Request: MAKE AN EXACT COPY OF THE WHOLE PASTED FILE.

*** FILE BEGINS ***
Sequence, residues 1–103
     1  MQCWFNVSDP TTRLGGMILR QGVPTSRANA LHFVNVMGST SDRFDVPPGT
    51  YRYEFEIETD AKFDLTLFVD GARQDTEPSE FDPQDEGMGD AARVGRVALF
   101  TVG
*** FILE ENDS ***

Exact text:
Sequence, residues 1–103
     1  MQCWFNVSDP TTRLGGMILR QGVPTSRANA LHFVNVMGST SDRFDVPPGT
    51  YRYEFEIETD AKFDLTLFVD GARQDTEPSE FDPQDEGMGD AARVGRVALF
   101  TVG